THE GREATEST WAR by Gerald Astor

THE GREATEST WAR

Americans in Combat 1941-1945

KIRKUS REVIEW

A sweeping, imaginative oral history of WWII from the American point of view. The shelves now overflow with one-volume histories of that war, books containing few speakers other than their authors, and with exhaustive official histories like Samuel Eliot Morison’s 20-volume account of the U.S. Marines in the Pacific Theater. Military historian Astor (Crisis in the Pacific, 1996, etc.), aiming for something of Morison’s completeness within the bounds of a single fat volume, succeeds by the thoughtful coupling of a narrative that touches on most of the war’s most important engagements with the reminiscences of hundreds of participants. For Pearl Harbor, he includes eyewitness accounts from sailors on sinking battleships, fighter pilots, and ordinary soldiers—all of them admitting to panic and confusion, especially after nightfall, when, in the words of one GI, —every wave that hit the beach we saw as another landing barge.— To relate the bloody assault on the Japanese-held Aleutian Islands in 1942, he draws on the memories of several participants, including one Army officer who wonders how it was that his unit, trained for desert combat in North Africa, had come to be deployed in the Arctic. (In one week that unit shrank from 1,000 to 200 men, with most of the losses due not to bullets but to cold.) And so on, and on, until final victory. Lacking the vivid storytelling skills of a Stephen Ambrose, Astor offers instead the most salient facts in what otherwise could have been an overwhelming mass of detail. He also turns up some surprises—for one, the reminiscences of American veterans of Jimmy Doolittle’s air raid on Tokyo, who crash-landed in the Soviet Union and were held prisoner there rather than being sent home. (They eventually escaped, but, on arriving in Washington, were ordered not to breathe a word of their exploits lest the Russians be offended.) Invaluable to historians, with much to interest general readers as well. (Maps and b&w photos, not seen)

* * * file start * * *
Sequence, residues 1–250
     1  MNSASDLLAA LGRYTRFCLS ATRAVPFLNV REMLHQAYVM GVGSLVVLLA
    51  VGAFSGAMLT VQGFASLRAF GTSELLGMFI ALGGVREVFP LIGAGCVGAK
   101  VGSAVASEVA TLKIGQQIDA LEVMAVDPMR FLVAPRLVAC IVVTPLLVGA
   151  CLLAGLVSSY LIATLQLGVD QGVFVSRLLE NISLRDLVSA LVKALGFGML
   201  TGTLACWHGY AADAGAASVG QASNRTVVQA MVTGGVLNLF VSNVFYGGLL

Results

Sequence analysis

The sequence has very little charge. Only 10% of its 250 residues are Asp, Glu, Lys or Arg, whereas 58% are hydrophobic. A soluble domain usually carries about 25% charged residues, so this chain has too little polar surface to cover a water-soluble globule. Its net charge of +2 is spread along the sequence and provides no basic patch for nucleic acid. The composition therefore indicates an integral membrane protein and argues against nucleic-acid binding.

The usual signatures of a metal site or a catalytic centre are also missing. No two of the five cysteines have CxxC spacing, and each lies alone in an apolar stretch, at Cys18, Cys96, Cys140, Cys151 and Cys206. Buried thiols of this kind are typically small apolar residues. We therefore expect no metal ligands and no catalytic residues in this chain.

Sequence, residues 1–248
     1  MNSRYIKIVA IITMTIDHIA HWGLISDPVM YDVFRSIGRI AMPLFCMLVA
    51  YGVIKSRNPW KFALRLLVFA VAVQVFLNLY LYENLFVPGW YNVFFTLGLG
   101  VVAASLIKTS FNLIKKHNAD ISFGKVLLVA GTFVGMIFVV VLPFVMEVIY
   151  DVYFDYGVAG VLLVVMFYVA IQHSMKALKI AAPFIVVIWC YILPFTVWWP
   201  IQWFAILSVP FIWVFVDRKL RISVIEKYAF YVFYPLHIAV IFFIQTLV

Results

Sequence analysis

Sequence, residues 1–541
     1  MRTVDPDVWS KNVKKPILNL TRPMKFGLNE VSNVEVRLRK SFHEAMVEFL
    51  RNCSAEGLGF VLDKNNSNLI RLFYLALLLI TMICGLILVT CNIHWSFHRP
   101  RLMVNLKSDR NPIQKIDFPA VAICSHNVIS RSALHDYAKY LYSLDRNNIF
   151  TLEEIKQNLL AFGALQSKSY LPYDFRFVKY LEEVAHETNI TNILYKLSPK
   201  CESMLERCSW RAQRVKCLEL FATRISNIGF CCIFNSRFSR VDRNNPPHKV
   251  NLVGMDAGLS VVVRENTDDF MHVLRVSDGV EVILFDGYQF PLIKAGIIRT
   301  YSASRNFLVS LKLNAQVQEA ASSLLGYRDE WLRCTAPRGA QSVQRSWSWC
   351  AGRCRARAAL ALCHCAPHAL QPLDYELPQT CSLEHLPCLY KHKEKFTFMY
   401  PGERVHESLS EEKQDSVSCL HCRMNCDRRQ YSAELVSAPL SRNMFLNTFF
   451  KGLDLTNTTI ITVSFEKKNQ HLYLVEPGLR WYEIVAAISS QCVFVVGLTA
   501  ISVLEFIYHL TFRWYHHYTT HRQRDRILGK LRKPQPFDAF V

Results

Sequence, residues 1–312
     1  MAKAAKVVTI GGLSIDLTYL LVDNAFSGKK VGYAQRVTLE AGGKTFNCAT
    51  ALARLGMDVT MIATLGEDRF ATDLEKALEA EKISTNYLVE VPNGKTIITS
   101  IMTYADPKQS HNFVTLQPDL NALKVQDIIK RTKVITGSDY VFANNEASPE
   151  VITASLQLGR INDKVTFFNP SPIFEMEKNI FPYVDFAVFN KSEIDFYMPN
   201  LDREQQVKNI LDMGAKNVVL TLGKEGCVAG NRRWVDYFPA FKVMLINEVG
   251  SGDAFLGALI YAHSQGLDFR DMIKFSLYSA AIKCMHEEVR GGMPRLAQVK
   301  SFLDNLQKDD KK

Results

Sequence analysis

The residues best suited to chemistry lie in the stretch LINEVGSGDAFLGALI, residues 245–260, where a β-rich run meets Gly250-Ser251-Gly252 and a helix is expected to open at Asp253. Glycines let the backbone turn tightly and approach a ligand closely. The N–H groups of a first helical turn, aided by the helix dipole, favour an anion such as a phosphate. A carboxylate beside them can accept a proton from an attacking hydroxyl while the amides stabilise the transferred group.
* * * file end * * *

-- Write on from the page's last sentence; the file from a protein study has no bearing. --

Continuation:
Pub Date: Dec. 1st, 1999
ISBN: 0-89141-695-1
Page count: 1056pp
Publisher: Presidio/Random
Review Posted Online:
Kirkus Reviews Issue: Nov. 1st, 1999




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